Product Design and Purchasing Decision

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Users dominate the market which is enough reason to design products understanding their needs and preferences. An alternative to do so is to come up with a product applying the aspects of democratic design. Today’s different financial approaches have empowerd low-income households to not only base their purchasing decisions on their affordability but on form, functionality and quality of products, among other aspects. For example, when purchasing a product people place a high value to colour. However, in different markets the same colour might have various interpretations and/or associations, in consequence these need to be considered, particularly at the time of entering a new market and/or introducing a new product.

User’s feedback is a powerful alternative to determine if a product has a user-centred design or not. As a result, systematic data collection can provide valuable information to help (re-)direct a product design to the current and/or local conditions. 

This article explains the concepts of democratic and user-centred design, lists feedback from users on design aspects of  Pico PV and cookstoves, and points out a series of questions that have not been addressed yet.

Democratic Design

Designing a product is a process of solving problems creatively. Usually it considers not only the aesthetics and technological constrains, but also the user’s needs. A famous Swedish furniture and home accessories retailer (applying continuous product development) has identified five crucial factors for a democratic design. Hence, products have to be:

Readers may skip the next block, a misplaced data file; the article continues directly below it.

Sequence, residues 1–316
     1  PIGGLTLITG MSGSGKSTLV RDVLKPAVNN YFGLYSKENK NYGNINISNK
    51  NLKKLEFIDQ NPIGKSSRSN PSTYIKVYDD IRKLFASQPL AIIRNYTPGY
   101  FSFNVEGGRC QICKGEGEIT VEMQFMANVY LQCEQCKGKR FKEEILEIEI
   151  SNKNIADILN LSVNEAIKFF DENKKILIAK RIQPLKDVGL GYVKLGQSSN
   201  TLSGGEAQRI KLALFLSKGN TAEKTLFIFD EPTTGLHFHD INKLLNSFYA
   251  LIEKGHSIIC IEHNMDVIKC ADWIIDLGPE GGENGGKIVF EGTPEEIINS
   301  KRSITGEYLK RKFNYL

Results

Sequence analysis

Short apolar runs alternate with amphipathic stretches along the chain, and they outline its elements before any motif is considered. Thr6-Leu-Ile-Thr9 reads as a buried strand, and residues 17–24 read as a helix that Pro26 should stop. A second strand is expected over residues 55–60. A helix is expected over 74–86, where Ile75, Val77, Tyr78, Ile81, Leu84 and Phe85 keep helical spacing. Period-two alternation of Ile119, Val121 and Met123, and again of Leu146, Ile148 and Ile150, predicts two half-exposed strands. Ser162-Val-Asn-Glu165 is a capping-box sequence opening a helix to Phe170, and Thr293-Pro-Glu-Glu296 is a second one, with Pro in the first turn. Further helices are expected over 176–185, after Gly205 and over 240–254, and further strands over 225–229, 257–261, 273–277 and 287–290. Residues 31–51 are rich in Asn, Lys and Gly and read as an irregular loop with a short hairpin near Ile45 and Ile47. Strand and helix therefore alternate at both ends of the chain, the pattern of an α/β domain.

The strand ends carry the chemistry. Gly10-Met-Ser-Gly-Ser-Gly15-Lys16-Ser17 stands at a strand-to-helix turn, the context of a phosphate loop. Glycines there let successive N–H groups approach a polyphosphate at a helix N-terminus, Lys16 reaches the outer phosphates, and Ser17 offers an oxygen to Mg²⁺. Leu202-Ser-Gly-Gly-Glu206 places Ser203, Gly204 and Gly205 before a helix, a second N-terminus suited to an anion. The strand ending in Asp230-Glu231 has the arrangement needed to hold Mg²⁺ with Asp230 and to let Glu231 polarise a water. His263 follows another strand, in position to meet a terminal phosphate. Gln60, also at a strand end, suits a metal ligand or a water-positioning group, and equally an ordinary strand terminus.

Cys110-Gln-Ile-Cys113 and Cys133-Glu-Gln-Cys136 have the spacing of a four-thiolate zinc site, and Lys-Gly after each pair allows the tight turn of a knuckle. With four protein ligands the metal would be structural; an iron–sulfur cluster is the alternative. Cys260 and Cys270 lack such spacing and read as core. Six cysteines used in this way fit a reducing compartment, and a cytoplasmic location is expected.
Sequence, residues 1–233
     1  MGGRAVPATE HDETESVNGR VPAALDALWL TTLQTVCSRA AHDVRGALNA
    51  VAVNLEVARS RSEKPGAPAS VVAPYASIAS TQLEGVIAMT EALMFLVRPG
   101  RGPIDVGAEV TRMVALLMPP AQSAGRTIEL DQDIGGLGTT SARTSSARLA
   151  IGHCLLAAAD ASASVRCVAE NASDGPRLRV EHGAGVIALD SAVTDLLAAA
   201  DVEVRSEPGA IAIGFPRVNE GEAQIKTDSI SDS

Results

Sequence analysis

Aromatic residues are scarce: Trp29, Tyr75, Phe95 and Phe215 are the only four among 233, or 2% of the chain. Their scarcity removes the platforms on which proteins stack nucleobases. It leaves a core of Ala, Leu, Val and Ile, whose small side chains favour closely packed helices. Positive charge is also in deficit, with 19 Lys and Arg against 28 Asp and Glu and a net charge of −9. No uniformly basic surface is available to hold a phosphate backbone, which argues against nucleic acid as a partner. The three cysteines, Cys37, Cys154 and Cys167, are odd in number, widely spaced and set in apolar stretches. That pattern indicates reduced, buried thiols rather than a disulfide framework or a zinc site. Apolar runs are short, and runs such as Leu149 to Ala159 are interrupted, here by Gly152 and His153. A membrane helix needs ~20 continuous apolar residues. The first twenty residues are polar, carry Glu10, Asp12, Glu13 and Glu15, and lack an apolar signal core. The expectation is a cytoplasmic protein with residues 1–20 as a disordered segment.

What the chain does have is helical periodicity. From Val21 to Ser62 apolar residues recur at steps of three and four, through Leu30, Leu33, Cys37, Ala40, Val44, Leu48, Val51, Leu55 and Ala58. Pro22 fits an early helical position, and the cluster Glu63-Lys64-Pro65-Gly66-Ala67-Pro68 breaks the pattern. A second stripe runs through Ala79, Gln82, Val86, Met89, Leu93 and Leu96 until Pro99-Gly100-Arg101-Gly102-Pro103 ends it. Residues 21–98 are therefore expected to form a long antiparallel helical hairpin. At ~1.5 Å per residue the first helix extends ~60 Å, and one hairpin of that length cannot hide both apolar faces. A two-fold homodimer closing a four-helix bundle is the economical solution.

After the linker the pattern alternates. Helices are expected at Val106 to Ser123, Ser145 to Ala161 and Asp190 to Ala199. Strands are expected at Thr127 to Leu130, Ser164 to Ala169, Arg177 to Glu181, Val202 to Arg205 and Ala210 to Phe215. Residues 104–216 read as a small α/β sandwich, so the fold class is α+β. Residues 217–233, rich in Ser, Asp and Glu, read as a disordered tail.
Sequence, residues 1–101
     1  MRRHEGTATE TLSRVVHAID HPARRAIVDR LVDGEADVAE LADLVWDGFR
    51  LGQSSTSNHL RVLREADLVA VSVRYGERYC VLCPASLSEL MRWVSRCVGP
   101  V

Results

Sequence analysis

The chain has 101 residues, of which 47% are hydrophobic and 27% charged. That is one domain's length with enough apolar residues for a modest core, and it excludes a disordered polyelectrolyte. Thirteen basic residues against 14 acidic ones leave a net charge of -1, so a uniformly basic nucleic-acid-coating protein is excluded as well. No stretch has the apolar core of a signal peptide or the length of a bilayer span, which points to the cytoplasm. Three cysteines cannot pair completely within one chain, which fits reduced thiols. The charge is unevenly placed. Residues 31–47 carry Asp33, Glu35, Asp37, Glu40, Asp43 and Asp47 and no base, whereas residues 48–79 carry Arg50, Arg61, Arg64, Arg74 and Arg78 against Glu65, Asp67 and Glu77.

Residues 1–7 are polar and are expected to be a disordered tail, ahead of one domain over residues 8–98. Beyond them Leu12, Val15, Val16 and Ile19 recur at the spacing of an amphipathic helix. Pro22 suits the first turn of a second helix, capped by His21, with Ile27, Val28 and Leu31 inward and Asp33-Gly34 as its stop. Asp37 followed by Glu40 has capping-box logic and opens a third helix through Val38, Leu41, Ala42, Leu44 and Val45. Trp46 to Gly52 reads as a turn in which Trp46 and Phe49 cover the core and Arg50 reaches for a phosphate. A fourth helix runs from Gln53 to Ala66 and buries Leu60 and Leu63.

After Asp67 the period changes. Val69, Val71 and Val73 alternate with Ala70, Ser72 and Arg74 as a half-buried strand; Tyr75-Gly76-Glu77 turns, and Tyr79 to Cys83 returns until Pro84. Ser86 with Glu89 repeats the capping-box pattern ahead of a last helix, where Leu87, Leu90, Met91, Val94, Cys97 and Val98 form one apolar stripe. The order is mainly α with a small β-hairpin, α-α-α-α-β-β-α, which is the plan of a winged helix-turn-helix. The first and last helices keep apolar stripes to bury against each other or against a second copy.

1. Functional
  2. Beautiful
  3. Long lasting
  4. Sustainable
  5. Affordable

These factors can also be considered in modern energy technologies design (i.e. efficient stoves and Pico PV lamps): ‘Products should be designed understanding that people want them to work, and to make life easier (function), that are beautiful (form), demand value for money (quality), care about the environment (sustainability) and are affordable (low price)’. [1]

Perhaps it is important not to think about low prices as the absolute key factor to ensure low-income households to purchase a certain technology. Nowadays, different financial schemes have been deployed in order to facilitate energy access (Financing Mechanisms for Cookstove DisseminationFinancing Models for Solar Home SystemsUse of Microfinance Institutions for Renewable Energy Technologies). Therefore, affordability should not be the primary aspect of a purchasing decision by a household or at least not the only one.